Denver Public Schools

Denver Public Schools will shift its remaining in-person learning to online beginning Nov. 30, Superintendent Susana Cordova said in a letter Tuesday, a month after the district moved its youngest learners back into the classroom.

"COVID rates are dangerously high outside of schools in many parts of Denver, which prompted Gov. Jared Polis and Mayor Michael Hancock to announce stronger measures yesterday to try and get the community spread under control," Cordova, who announced last week that she would be leaving the district, wrote. "This action, however, did not come soon enough to allow us to sustain staffing for in-person learning in our schools for the rest of the first semester."

The district will move its remaining students online beginning Nov. 30 and will keep them out of the classroom through the rest of this semester. Even older students who had previously been allowed to continue in person -- English language learners and special education students specifically -- will also move online.

Cordova wrote that the district is "committed" to having in-person education in January, including for secondary students, who are more at risk for infection and illness than younger leaners.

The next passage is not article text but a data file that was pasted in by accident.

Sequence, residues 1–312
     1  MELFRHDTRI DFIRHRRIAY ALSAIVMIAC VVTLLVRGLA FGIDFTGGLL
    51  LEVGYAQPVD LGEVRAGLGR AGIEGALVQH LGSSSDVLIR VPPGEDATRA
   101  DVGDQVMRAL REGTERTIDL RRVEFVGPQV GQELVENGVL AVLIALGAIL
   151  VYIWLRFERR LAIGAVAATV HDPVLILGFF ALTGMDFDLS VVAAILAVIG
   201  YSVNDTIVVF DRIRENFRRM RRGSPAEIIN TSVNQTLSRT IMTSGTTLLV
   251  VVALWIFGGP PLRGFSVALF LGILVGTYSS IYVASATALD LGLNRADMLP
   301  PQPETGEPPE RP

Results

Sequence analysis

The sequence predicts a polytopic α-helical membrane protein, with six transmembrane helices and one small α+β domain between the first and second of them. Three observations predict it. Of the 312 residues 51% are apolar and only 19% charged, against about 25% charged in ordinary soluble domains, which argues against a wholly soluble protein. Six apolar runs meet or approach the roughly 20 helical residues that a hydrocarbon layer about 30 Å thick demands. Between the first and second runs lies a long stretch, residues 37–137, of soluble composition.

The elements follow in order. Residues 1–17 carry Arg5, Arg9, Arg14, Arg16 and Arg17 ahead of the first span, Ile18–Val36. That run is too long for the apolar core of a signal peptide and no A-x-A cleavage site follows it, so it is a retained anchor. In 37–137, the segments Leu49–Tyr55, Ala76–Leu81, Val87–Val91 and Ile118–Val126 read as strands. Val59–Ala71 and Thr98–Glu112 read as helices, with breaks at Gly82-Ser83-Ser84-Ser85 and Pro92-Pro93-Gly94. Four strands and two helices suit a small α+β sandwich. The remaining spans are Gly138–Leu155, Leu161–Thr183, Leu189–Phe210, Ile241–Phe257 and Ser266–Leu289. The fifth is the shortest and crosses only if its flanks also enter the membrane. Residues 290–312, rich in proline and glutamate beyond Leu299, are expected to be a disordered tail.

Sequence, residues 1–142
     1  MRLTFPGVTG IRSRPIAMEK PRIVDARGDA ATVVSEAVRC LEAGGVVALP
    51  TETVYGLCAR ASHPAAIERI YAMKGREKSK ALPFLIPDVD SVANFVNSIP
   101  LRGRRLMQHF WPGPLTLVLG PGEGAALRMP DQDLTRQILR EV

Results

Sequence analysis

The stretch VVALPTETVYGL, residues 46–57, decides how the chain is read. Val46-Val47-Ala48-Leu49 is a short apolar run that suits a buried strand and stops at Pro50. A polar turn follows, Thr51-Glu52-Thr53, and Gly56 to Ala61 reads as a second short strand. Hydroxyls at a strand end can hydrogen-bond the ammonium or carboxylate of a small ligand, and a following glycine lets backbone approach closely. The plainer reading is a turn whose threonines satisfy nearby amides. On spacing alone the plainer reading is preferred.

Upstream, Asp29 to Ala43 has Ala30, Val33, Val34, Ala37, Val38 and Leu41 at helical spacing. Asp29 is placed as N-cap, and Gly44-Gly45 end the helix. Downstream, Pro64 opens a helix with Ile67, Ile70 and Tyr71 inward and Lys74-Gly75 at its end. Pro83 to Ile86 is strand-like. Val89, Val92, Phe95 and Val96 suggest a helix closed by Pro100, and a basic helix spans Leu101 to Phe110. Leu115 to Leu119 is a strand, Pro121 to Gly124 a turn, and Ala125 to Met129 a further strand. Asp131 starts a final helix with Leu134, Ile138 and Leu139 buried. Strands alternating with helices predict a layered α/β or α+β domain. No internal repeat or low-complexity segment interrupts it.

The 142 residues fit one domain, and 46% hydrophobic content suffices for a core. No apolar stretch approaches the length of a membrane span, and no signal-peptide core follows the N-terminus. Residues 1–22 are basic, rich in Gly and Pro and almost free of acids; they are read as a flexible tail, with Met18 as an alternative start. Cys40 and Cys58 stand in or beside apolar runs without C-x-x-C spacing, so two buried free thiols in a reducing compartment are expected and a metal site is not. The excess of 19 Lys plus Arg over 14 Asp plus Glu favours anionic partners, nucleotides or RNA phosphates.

The district had started the school year with students learning remotely. But it planned to being bringing students back into the classroom in late October. That plan was partially spiked, as the spike of cases that's currently plaguing the state first began to take shape. By the end of November, only the youngest learners, up through second grade, were still in Denver classrooms.

Cordova and others said that those youngest students needed as much in-person learning as possible, given their reading needs. But officials have also said that the significant spread from within the community means that teachers are getting sick at higher rates, which in turn pulls them out of the classroom and disrupts that learning.

Though there's thus far been little evidence that students and staff are getting sick in class, Cordova wrote that the district "is seeing over 300 cases per week among students and staff who are in-person."

"This deeply challenges our ability to operate our schools," she said. "And we’ve already had to close many schools because we lack the staff to run them, due to required quarantines and the shortage of available substitutes."

In a statement, the Denver Classroom Teachers Association said it supported the decision, and the group thanked the board.

"There is no place a teacher wants to be more than in their classrooms with their students," the group wrote. "We are hopeful that increased restrictions will contribute to slowing the spread of COVID-19 so we can get back to in-person learning sooner. We remain dedicated to providing quality-learning environments to students in any environment."

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